“You have to let development happen and infrastructure change where it needs to change, but what you need to do is compensate for it. Let’s create more woodland, more diversity in other areas. The Americans are great for it. They just put a price tag on it. ‘You want to fell that tree? Fine. That’ll be five thousand bucks. We’ll plant ten trees for the one you’re going to take out.’

“That’s easy to do when you’ve got big highways and big open spaces. In the UK that’s not so easy to do, so we have to look at a balance where we look after trees, particularly in London, because there isn’t the space to put new ones in.

“But thousands of trees are being planted in compensation and that never gets mentioned in the news. The woodland tree population is rising. And there is certainly more emphasis on preserving and planting trees. My aim is to plant a tree for every one we fell, which I don’t think we quite achieve yet, but we’re working towards that.”

Reduction replaces thinning

Tree care methods have changed too.

“It used to be taboo to reduce trees; you had to thin them all the time. Now we reduce trees and rarely thin them, because in a lot of scenarios, to keep the tree within the available space, it needs to be kept small. In my early days you’d remove every piece of dead wood out of a tree. Now you manage dead wood and take it out where you need to. That’s about habitat. We’re looking at all the environmental aspects now.

“The whole ethos of the business is caring for trees: keeping trees in their current position and condition; looking after trees so they stay there and they don’t fall apart and they work with the adjacent infrastructure; pruning trees so they don’t need to be felled. That’s where I think we’re contributing to the environment: looking after trees. That’s the key to it.

“We used to paint all the cuts using Arbrex, which was a tar-based sealant. You used to have a pot of Arbrex on your harness and your paintbrush, so as you were shinning about on the tree the tar used to splash out on your trousers. You’d go to the café at lunch time and when you went to get up you’d be stuck to the seat!” We’ve not used Arbrex for over 30 years. Research found that, if cut at the right angle, the tree heals better on its own.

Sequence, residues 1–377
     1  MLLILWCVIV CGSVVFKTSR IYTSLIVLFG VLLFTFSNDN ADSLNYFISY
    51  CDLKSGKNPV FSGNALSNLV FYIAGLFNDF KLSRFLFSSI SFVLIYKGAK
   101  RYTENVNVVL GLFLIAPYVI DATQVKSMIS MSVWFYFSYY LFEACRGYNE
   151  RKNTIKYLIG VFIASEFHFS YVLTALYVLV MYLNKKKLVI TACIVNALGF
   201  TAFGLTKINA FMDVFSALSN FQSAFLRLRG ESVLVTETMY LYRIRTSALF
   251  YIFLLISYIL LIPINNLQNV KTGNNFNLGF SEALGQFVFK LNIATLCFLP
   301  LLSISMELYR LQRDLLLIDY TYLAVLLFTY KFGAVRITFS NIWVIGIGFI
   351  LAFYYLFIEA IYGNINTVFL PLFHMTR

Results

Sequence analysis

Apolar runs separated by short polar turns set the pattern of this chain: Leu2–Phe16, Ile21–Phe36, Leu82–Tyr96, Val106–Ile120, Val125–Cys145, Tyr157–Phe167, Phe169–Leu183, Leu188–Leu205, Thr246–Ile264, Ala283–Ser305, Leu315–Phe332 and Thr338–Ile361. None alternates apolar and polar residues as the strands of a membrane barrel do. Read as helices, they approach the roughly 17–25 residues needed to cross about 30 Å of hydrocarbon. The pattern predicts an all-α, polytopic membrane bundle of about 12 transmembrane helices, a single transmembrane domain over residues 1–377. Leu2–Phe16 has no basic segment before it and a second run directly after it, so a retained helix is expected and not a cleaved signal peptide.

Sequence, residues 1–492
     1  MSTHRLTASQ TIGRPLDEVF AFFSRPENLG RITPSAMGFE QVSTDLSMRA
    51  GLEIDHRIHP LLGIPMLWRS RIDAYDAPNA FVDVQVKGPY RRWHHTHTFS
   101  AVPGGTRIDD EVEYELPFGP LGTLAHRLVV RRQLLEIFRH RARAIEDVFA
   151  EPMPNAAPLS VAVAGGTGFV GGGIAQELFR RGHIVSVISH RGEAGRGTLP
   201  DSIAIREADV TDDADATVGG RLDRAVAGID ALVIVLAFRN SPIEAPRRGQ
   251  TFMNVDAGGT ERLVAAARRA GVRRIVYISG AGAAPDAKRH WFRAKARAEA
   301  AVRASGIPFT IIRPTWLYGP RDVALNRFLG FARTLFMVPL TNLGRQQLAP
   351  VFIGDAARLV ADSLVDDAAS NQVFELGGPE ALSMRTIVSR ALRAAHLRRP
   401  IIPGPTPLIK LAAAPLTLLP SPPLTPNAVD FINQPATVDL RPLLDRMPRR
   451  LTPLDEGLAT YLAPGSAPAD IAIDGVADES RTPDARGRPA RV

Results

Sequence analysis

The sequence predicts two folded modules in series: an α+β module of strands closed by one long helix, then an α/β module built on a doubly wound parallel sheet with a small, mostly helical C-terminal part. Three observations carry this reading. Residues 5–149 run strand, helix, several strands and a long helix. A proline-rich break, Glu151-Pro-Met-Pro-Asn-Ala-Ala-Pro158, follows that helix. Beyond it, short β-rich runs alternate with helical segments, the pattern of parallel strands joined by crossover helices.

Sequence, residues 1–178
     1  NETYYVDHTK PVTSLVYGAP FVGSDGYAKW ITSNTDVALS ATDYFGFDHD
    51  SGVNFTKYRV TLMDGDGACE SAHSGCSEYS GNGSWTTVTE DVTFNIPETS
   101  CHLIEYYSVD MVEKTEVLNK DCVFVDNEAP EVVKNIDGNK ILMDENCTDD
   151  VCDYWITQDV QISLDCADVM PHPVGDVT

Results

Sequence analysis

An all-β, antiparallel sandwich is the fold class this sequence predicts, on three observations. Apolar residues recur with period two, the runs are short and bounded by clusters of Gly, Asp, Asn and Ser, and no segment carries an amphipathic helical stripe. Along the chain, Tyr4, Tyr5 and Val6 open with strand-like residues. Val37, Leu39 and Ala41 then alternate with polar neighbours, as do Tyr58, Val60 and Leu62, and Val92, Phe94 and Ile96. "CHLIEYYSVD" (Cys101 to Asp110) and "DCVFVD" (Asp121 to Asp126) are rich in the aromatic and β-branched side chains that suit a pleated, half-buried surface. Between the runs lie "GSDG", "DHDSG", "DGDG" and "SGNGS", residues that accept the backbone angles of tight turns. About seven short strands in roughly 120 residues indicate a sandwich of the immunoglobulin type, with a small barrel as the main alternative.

A rise in paperwork

Of course, we can’t discuss the changes to a business as dangerous as tree surgery without mentioning health and safety; nor, indeed, the irony of increased paperwork for a business that is about preserving trees.

“I’m mixed on that,” says Mike. “I’m very much for safety, I don’t want anyone getting injured in my company, I want to act safely and I respect that it has to go onto paper, but ultimately it’s about the guys thinking about the safety on a daily basis.

Risk assessment

“I remember teaching one of my guys, Barry, in the early days about how to do a risk assessment. He said, ‘Mike I can’t do these risk assessments.’ I said, ‘Barry, what did you do when you turned up at the site?’ He said, ‘I looked at the job, sussed out what we were going to do, talked it through with the guys, we said we were going to put signs out here and… etc’ I said, ‘Barry, you’ve done your risk assessment. You’re doing it every day. All we have to do now is put it onto a bit of paper to prove that you’ve done all the good things you do every day.’

“The main thing is that they think about the risks and minimise the risks, because we are in a dangerous game. We’re working at height, we’re working on ropes and harnesses, with chainsaws, in the public environment, you know, it’s got ‘Danger’ all over it and it’s really important that these guys are alert. That’s one of the key features of a member of our staff. They need to be alert all the time, need to be aware of their surroundings. You’ve got to have eyes in the back of your head. Watch. Watch. Watch.”